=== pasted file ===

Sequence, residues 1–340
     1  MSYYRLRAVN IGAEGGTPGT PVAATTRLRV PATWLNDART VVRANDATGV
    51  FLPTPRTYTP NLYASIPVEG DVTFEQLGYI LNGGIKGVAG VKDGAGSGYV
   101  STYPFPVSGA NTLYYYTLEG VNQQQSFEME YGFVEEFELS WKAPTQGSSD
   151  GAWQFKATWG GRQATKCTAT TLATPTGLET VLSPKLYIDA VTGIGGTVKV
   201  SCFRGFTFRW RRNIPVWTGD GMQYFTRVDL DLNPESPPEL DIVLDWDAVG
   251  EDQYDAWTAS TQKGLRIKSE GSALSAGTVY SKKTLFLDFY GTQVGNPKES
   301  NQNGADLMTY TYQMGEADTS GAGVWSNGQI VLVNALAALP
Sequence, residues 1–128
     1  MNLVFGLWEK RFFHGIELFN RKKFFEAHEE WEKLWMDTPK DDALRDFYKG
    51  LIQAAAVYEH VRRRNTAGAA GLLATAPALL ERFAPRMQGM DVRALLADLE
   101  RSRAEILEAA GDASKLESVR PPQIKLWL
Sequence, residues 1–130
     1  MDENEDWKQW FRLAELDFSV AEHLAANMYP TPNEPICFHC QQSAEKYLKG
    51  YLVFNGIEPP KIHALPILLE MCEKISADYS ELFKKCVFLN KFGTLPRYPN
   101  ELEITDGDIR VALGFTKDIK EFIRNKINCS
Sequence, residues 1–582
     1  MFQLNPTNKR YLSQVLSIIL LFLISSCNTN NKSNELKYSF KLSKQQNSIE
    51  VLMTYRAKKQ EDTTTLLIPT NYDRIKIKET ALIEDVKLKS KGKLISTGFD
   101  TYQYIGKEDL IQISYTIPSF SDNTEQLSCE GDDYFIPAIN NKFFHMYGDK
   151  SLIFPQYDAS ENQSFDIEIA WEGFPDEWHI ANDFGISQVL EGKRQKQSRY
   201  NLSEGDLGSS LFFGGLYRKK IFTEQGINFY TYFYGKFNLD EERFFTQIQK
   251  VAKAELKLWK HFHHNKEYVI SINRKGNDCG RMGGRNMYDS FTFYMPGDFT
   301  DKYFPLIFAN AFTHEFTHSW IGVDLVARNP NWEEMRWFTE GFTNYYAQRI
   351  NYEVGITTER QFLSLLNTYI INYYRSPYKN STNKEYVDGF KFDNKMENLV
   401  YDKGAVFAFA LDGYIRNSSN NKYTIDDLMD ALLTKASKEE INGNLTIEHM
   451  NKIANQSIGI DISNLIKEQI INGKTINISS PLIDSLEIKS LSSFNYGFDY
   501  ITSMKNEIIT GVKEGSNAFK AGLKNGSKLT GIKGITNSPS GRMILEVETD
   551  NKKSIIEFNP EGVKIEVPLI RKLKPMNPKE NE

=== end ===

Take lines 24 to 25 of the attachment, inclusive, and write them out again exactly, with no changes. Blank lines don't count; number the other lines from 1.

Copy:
   301  DKYFPLIFAN AFTHEFTHSW IGVDLVARNP NWEEMRWFTE GFTNYYAQRI
   351  NYEVGITTER QFLSLLNTYI INYYRSPYKN STNKEYVDGF KFDNKMENLV